Eating Disorders and Obesity: A Comprehensive Handbook

By Christopher G. Fairburn; Kelly D. Brownell | Go to book overview
Save to active project

Genetic Influences on Body Weight


How many overweight or obese individuals have developed their condition as a result of a major deficiency in one gene? How many are overweight or obese as a consequence of a strong genetic predisposition determined by DNA sequence variation at several genes? How many have only a slight genetic predisposition but have gained large amounts of body weight because they have poor nutritional habits and a sedentary lifestyle? How many do not have any genetic susceptibility but have nonetheless become overweight or obese? We cannot yet answer these questions, but in recent years, genetic epidemiology and molecular genetic studies have begun to generate data that allow us to formulate these questions in more relevant terms and to sketch some answers. This chapter examines the genetic epidemiology of the obesity epidemic. The molecular genetic issues are addressed in Chapter 5.


C. B. Davenport, from the Carnegie Institute, described in 1923 the first comprehensive attempt to understand the role of inheritance in human body mass for stature. Among his findings were that normal-weight parents sometimes have obese adult offspring, and that obese parents frequently have normal-weight adult descendants. In the aggregate, however, his study demonstrated that body mass index (BMI) values were more similar among family members than among unrelated persons.

Except for some rare Mendelian disorders, the vast majority of obese patients do not exhibit a clear pattern of Mendelian inheritance. Despite many studies on the familial aggregation and heritability of the obesity phenotypes, there is no unanimity among researchers regarding the importance of genetic factors.

Heritability is the fraction of the population variation in a trait (e.g., BMI) that can be explained by genetic transmission. It has been considered in a large number of twin, adoption, and family studies. The results depend on sampling strategy, sample size, and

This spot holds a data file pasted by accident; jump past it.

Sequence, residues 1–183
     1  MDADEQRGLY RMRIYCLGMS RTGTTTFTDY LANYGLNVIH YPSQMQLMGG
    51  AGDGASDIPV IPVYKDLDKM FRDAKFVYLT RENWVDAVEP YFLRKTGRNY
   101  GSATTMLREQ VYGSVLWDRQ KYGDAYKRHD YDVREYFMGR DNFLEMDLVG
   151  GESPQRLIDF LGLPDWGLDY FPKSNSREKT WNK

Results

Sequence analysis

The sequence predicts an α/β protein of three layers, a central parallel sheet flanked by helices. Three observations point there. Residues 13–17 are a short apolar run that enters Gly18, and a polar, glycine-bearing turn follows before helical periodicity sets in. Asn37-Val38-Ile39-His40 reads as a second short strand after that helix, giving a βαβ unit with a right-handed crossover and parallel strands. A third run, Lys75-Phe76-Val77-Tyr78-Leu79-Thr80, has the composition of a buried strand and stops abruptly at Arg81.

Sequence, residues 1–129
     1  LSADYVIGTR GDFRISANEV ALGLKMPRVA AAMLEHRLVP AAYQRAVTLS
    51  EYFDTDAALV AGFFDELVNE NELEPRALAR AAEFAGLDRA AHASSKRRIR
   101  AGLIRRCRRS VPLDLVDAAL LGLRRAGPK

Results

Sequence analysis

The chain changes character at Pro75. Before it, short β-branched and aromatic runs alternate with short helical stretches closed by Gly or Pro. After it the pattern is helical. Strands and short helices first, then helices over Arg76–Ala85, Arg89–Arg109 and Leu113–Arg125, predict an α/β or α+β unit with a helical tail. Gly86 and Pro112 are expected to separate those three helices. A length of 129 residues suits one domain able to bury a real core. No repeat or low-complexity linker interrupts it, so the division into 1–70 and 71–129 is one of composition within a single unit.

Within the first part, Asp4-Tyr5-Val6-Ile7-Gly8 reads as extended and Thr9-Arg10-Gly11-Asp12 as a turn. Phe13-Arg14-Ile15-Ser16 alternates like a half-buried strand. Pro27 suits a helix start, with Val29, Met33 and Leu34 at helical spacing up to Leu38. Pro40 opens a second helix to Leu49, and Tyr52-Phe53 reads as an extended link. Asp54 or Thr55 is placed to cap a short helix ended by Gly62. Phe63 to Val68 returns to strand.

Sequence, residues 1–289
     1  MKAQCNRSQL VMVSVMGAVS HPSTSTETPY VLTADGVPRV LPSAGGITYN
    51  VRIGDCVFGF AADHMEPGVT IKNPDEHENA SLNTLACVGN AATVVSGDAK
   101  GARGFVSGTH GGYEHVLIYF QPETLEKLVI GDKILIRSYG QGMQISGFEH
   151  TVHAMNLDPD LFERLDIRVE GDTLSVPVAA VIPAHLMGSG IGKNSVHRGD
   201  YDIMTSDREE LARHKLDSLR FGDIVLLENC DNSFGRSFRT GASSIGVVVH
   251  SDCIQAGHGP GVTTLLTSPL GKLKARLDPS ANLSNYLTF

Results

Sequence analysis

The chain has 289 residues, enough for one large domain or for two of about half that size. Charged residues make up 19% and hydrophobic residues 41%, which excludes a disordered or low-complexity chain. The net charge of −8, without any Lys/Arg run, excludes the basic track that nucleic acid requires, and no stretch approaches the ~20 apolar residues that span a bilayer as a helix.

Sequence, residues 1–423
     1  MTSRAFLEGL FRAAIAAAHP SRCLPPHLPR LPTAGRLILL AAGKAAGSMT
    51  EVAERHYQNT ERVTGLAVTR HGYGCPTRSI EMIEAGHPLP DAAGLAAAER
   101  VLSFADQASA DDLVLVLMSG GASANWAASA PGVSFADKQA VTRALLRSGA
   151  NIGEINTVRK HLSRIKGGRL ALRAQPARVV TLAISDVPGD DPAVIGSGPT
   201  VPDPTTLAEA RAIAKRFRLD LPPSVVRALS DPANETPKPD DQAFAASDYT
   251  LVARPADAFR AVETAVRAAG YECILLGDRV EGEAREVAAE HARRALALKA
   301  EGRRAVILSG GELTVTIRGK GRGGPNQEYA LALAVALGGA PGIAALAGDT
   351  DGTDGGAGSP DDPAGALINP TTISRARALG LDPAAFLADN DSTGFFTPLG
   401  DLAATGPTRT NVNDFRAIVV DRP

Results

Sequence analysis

Notes for this page

Add a new note
If you are trying to select text to create highlights or citations, remember that you must now click or tap on the first word, and then click or tap on the last word.
Loading One moment ...
Project items
Cite this page

Cited page

Citations are available only to our active members.
Sign up now to cite pages or passages in MLA, APA and Chicago citation styles.

Cited page

Bookmark this page
Eating Disorders and Obesity: A Comprehensive Handbook
Table of contents

Table of contents



Text size Smaller Larger
Search within

Search within this book

Look up

Look up a word

  • Dictionary
  • Thesaurus
Please submit a word or phrase above.
Print this page

Print this page

Why can't I print more than one page at a time?

While we understand printed pages are helpful to our users, this limitation is necessary to help protect our publishers' copyrighted material and prevent its unlawful distribution. We are sorry for any inconvenience.
Full screen
/ 632

matching results for page

Cited passage

Citations are available only to our active members.
Sign up now to cite pages or passages in MLA, APA and Chicago citation styles.

Cited passage

Welcome to the new Questia Reader

The Questia Reader has been updated to provide you with an even better online reading experience.  It is now 100% Responsive, which means you can read our books and articles on any sized device you wish.  All of your favorite tools like notes, highlights, and citations are still here, but the way you select text has been updated to be easier to use, especially on touchscreen devices.  Here's how:

1. Click or tap the first word you want to select.
2. Click or tap the last word you want to select.

OK, got it!

Thanks for trying Questia!

Please continue trying out our research tools, but please note, full functionality is available only to our active members.

Your work will be lost once you leave this Web page.

For full access in an ad-free environment, sign up now for a FREE, 1-day trial.

Already a member? Log in now.

Are you sure you want to delete this highlight?